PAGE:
Diving Marine Animals Guzzle Oxygen from Ocean

Laura Poppick, LiveScience Staff Writer
This 2012 photo provided by the journal Science shows a female Humpback whale named Filament lobtailing prior to feeding dive. Some wild animals seem to follow the same monkey-see, monkey-do social conformity in the quest for good food that people do, a new study finds. Monkeys in South Africa instantly switched food choices _ to something they used to avoid _ purely because of peer pressure, like teenagers in high school, scientists say. And generations of humpback whales off the coast of New England learned a new feeding technique from watching what worked for one of them, according to two studies in Thursday's journal Science. (AP Photo/Jennifer Allen, Ocean Alliance)

Marine animals swim to astonishing depths each day, diving for food and hiding from predators. These movements may seem miniscule against the enormity of the ocean, but combined on a global scale, they actually alter the ocean's oxygen levels, new research shows.

Until now, marine scientists had assumed that microbes and other tiny, ubiquitous organisms controlled ocean oxygen fluctuations: As these microscopic life-forms die near the surface of the ocean, they sink and slowly degrade — a process that uses up oxygen. But researchers at Princeton University in New Jersey and McGill University in Montreal have found that migrations of animals to the ocean surface at night — when darkness makes them less vulnerable to predators — also plays an important role in oxygen levels, they reported earlier this month in the journal Nature Geoscience.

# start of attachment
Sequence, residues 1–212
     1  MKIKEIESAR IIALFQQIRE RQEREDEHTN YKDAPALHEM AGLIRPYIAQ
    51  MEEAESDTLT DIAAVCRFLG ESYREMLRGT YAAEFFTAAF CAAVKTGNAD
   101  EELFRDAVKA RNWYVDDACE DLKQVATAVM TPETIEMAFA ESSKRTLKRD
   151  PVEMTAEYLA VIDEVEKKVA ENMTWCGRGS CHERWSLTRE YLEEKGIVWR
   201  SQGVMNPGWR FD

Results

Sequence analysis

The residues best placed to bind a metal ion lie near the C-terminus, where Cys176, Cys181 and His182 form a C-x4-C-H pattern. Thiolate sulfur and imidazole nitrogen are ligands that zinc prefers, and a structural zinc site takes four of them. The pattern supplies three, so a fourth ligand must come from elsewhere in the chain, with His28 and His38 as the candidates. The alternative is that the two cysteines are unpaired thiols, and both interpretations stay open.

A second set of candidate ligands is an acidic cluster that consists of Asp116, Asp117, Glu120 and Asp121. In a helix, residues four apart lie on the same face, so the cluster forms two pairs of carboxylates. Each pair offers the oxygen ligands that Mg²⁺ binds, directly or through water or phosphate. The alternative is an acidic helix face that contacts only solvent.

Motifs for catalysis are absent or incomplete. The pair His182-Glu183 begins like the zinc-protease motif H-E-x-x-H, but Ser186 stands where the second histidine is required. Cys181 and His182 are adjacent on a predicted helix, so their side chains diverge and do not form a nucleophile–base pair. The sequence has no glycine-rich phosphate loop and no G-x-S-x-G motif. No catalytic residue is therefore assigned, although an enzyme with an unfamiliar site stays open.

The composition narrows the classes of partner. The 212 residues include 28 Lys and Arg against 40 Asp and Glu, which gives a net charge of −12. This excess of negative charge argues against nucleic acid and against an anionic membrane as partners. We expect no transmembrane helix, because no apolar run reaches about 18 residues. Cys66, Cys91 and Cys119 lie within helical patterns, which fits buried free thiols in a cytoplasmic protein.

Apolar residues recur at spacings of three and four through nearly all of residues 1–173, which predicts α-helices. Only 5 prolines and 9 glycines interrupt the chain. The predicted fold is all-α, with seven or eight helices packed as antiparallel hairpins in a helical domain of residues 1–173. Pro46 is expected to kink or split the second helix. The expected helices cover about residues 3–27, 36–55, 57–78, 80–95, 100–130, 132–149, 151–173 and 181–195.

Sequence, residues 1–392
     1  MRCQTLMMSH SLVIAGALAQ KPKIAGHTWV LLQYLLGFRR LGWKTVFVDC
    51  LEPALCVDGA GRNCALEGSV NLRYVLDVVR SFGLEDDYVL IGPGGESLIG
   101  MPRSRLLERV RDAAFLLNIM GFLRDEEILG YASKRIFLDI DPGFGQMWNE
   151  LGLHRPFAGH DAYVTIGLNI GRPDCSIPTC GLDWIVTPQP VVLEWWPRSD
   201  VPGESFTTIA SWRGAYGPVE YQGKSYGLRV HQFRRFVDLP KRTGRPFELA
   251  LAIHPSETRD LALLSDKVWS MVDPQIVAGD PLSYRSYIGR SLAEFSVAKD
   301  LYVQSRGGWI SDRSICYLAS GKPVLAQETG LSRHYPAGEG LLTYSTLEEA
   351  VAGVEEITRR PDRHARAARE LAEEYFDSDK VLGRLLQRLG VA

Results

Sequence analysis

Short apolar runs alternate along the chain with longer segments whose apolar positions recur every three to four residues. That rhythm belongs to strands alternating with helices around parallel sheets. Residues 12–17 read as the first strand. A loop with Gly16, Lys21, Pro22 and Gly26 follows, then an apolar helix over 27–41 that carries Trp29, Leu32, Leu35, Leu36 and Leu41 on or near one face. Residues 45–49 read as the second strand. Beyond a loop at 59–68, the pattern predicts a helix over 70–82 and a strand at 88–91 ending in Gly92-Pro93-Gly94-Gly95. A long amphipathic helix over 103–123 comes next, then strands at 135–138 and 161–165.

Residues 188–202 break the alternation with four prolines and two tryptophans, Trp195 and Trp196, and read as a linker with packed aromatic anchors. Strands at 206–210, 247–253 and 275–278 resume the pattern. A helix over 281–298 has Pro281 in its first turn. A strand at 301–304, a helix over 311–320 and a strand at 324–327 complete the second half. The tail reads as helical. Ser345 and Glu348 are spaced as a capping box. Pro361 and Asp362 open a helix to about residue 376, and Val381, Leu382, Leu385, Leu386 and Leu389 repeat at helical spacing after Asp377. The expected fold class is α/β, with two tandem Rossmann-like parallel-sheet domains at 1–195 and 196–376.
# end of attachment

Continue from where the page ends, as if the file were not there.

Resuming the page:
"You can say that the whole ecosystem does this migration — chances are that if it swims, it does this kind of migration," study co-author Daniele Bianchi, an oceanographer at McGill University, said in a statement. "Before, scientists tended to ignore this big chunk of the ecosystem when thinking of ocean chemistry. We are saying that they are quite important and can't be ignored."

Bianchi's team compiled acoustic data collected from oceanographic vessels over the course of two decades, from 1990 to 2011, to assess where and when a variety of ocean animals tend to congregate throughout the day. They then modeled these data against global records of ocean oxygen levels, and found that areas of low oxygen often aligned with areas of animal migration.

This apparent correlation between low oxygen levels and migration is likely a two-way system, the team reports. Animals likely seek out deep, oxygen-deprived regions in order to avoid predators during the day, and as they congregate, they further deplete oxygen levels.

"In a sense, this research should change how we think of the ocean's metabolism," Bianchi said. "Scientists know that there is this massive migration, but no one has really tried to estimate how it impacts the chemistry of the ocean."

Next, the researchers plan to more closely explore migrations and ocean oxygen levels at specific locations in an effort to better understand how this global phenomenon varies on a local scale.

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